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New York Theatre Ballet, a 29-year-old Company, Honors Two Centennials: Tudor and Limón - Mazurkas, Jardin aux Lilas (Lilac Garden), Little Improvisations, Judgement of Paris

by Lori Ortiz
February 8, 2008
Florence Gould Hall
55 East 59th Street
New York, NY 10022

Featured Dance Company:

New York Theatre Ballet
New York Theatre Ballet/Ballet School NY (office)
30 East 31st Street, 5th Floor
New York, NY 10016

New York Theatre Ballet: www.nytb.org

A Gould Hall evening was a double celebration. Choreographers Antony Tudor (Ballet) and José Limón (Modern) were both born in 1908. The concert began with a selection of eight of Limón's "Mazurkas" in Sarah Stackhouse's staging for New York Theatre Ballet. Stackhouse told us afterward that "Mazurkas" was made to celebrate the Polish spirit of rebuilding. Limón was grateful for the enthusiastic reception he got when his company toured there and performed at Frédéric Chopin's house. Limón's 1958"Mazurkas" nods to that Polish national dance.

The company does an entrance and a finale, which is best. In between are solos, duets, a trio of men, and a quartet. They make undulating patterns, interpolating across the stage, and form in balletic, folksy, mazurka pairs. Terence Duncan, who is also a baroque-style performer, solos to the brooding Opus 17, No. 4 (that one is featured in the Roman Polanski film "The Pianist"). Duncan is a bit reserved. NYTB dancers are light, and airy. This "Mazurkas" lacks the Limónesque emotional power and rigor, but interestingly, it reveals the choreographer's Mexican and Spanish influences in the floor patterns, black flouncey dresses for the women, hand clapping and stamping. In the end they dance a révérence toward Chopin, with Ferdy Tumakaka playing on a Steinway grand onstage. The program gets stronger as the evening progresses.

NYTB had the good fortune to work with Sallie Wilson, who studied with Tudor and danced in his ballets with American Ballet Theatre. She has been the foremost exponent of his work. Sadly she was too ill to attend the performance. Judging from the lively after-talk, the audience—including plenty of dance historians, scholars and balletomanes—was engaged and uplifted by the evening of rare revivals.

The central kernal of this birthday celebration is Tudor's famed "Jardin aux Lilas." The dancers Elena Zahlmann as Caroline, Kyle Coffman as her lover, Duncan (The Man She Must Marry), and Julie-Anne Taylor (An Episode In His Past) lead a moving performance. With clenched fists Taylor approaches Duncan but he spurns her with persuasive, understated disregard in his movement. His reserve is perfect in "Jardin." He wheels Caroline around, claiming his entitlement. Zahlmann and Coffman are stiff with anguish. In this pair we see the difficulty of distinguishing the role from the performance. They don't sweep us into their complex second thoughts of "what might have been," never bringing the remembrance to the forefront.

Gillian Bradshaw-Smith's backdrop, with its abundant blossoms, reeks of lilac perfume, figuratively speaking. The backdrop gives the essence of the garden, but the blossoms look more like sumac than lilacs. It is stylized. I have never seen so many blossoms so close together as in her scenery. From my seat, the blossoms looked cone shaped and without individual flowerettes. In a frozen "dream," the wonderful theatricality of the dancers doesn't bode well, resulting in an assembled group pose. The knack of stillness, of disappearing while physically present, and as a group, is just one of the extraordinary magic acts this company reckons with in the Tudor works. The lighting could have been more helpful here.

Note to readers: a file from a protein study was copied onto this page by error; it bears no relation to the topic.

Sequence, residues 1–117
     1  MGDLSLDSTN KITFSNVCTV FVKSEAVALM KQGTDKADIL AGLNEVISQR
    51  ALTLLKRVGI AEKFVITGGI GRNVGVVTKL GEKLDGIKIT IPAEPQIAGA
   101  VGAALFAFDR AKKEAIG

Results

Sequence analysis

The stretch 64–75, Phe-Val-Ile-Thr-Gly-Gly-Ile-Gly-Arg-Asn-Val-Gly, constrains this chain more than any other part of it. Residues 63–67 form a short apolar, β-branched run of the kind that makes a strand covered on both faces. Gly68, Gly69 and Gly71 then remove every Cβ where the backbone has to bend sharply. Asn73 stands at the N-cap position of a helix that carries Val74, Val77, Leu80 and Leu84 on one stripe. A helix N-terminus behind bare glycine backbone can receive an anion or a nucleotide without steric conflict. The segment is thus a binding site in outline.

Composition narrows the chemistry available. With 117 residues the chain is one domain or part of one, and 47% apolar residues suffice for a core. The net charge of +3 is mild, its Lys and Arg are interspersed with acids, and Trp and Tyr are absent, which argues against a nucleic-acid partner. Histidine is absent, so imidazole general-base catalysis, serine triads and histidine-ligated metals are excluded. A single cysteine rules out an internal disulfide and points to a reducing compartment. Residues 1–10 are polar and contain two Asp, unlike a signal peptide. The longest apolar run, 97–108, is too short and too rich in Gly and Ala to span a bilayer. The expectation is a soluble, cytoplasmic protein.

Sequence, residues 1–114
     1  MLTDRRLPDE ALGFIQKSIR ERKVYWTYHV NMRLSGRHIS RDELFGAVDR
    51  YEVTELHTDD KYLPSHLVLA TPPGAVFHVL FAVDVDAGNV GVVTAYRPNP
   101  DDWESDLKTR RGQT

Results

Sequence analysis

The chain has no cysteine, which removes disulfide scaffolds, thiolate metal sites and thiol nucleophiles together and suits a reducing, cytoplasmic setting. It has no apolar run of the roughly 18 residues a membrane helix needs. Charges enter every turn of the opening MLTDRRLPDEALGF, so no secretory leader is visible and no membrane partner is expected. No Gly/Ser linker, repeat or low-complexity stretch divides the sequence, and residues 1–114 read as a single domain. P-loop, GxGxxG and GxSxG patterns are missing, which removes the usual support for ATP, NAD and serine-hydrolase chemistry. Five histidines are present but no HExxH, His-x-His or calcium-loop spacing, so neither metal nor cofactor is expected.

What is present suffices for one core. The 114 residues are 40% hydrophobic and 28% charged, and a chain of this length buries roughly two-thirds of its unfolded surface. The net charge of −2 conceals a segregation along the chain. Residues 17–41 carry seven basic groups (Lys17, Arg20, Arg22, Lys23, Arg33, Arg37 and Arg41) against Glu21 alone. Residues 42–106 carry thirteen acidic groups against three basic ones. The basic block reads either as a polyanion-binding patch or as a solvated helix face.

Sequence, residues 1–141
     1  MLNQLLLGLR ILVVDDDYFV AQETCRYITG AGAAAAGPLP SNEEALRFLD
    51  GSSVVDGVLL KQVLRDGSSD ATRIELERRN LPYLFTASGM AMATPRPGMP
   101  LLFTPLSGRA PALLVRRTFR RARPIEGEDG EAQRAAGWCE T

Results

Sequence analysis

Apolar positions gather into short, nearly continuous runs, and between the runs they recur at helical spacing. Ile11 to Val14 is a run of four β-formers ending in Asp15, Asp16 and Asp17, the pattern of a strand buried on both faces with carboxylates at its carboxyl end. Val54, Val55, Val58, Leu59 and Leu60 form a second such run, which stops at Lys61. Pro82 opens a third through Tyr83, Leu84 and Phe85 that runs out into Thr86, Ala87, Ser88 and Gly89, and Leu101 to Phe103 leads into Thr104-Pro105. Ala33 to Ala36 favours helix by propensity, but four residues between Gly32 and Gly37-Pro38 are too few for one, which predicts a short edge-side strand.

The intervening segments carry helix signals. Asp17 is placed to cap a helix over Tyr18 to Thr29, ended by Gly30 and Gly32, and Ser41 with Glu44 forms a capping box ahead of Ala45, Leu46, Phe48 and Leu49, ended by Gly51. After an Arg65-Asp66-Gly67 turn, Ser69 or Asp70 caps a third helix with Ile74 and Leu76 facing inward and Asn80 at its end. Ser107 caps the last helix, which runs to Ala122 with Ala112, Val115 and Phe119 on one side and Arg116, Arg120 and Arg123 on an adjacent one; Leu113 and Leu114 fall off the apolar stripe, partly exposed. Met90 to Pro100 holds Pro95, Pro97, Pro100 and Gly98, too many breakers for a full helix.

"Little Improvisations" is a comedic Tudor duet performed by Rie Ogura and Mitchell Kilby. They are young lovers in this playful dance in which they begin by rising off a bench covered with a white cloth. It becomes a toga for Kilby, a chupa, then a baby, then a horse, and finally covers the bench again. Ogura pauses with her foot against her standing leg in sprightly, meditative retiré. Kilby cartwheels over the bench. It's a treat to be 'alone' with this incredible couple. Ogura projects star quality and touches audience members intimately with her beautiful line and dramatic artistry. Her robust theatricality worked against her in "Jardin." It served "Little Improvisations" excellently. Noriko Suzuki's spirited Schumann piano solo is another highlight.

The group finished with "Judgment of Paris," a laugh-out-loud Tudor surprise to music by Kurt Weill. Suzuki and Tumakaka play the piece in the pit on one upright piano. Venus, Minerva, and Juno, three tired dancehall ladies—working women, halfheartedly and hilariously entertain a gentleman, Duncan, drinking at a café table. Agnes DeMille originated the role of Venus in 1938. The ladies are Zahlmann, with the company for eight years, the seasoned Artistic Director Diana Byer and Associate Director Christina Paolucci, respectively. They are totally convincing in Hugh Laing's outrageous costume designs adapted for the company by Sylvia Taalsohn Nolan. White ruffled drawers bulge from under their colorful 'teddies.' From the moment they first walk on stage as non-dancers—we are watching the art of dance. Zahlman is especially strong and appealing, delighting the fellow and us with two circus hoops. Byer wears a feather boa and Paolucci does a fan dance. The combined bawdiness and refinement in the dance and the music leaves us in satisfying, suspended disbelief.
Little Improvisations

Little Improvisations

Photo © & courtesy of Richard Termine

Judgment of Paris

Judgment of Paris

Photo © & courtesy of Richard Termine

Lilac Garden

Lilac Garden

Photo © & courtesy of Richard Termine

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